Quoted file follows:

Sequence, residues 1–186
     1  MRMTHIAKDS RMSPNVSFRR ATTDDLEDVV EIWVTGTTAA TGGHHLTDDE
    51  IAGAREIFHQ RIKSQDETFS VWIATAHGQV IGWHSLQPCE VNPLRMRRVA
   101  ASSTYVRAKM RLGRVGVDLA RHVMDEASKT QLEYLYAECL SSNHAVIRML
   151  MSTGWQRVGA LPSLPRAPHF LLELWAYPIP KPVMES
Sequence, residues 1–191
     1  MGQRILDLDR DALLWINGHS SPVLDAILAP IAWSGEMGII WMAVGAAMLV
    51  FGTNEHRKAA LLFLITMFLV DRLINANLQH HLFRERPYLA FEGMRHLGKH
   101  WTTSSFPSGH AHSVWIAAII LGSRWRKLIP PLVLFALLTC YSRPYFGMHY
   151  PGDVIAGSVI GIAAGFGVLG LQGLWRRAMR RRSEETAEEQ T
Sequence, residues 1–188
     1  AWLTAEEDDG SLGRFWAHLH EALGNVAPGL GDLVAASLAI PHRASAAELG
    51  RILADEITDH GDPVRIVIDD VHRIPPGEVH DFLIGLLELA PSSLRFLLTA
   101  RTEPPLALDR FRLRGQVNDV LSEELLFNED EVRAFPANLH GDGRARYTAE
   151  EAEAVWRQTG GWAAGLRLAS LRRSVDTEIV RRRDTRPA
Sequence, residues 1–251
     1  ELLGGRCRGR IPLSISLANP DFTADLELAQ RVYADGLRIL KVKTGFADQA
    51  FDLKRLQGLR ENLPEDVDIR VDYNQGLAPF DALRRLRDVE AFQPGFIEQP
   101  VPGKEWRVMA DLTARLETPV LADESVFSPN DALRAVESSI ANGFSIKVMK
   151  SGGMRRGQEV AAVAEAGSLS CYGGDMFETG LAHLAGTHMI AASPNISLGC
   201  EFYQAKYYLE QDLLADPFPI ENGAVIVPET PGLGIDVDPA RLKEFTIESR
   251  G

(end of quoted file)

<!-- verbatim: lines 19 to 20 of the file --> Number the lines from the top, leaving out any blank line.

   101  VPGKEWRVMA DLTARLETPV LADESVFSPN DALRAVESSI ANGFSIKVMK
   151  SGGMRRGQEV AAVAEAGSLS CYGGDMFETG LAHLAGTHMI AASPNISLGC